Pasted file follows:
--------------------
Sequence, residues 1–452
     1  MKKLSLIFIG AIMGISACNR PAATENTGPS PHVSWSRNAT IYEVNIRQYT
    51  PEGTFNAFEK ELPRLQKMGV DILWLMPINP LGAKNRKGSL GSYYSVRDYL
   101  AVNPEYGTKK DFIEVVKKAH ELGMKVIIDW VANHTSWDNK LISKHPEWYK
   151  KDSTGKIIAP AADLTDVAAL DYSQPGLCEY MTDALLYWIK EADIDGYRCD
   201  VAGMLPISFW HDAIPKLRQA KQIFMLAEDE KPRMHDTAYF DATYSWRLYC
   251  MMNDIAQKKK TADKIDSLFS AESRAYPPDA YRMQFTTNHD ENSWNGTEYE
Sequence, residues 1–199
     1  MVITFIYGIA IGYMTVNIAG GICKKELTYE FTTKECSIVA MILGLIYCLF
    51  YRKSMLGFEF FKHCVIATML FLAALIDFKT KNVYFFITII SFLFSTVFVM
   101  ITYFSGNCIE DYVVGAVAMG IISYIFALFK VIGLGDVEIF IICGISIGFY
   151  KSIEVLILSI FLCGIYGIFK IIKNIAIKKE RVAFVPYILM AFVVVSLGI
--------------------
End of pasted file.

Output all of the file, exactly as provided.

Sequence, residues 1–452
     1  MKKLSLIFIG AIMGISACNR PAATENTGPS PHVSWSRNAT IYEVNIRQYT
    51  PEGTFNAFEK ELPRLQKMGV DILWLMPINP LGAKNRKGSL GSYYSVRDYL
   101  AVNPEYGTKK DFIEVVKKAH ELGMKVIIDW VANHTSWDNK LISKHPEWYK
   151  KDSTGKIIAP AADLTDVAAL DYSQPGLCEY MTDALLYWIK EADIDGYRCD
   201  VAGMLPISFW HDAIPKLRQA KQIFMLAEDE KPRMHDTAYF DATYSWRLYC
   251  MMNDIAQKKK TADKIDSLFS AESRAYPPDA YRMQFTTNHD ENSWNGTEYE
Sequence, residues 1–199
     1  MVITFIYGIA IGYMTVNIAG GICKKELTYE FTTKECSIVA MILGLIYCLF
    51  YRKSMLGFEF FKHCVIATML FLAALIDFKT KNVYFFITII SFLFSTVFVM
   101  ITYFSGNCIE DYVVGAVAMG IISYIFALFK VIGLGDVEIF IICGISIGFY
   151  KSIEVLILSI FLCGIYGIFK IIKNIAIKKE RVAFVPYILM AFVVVSLGI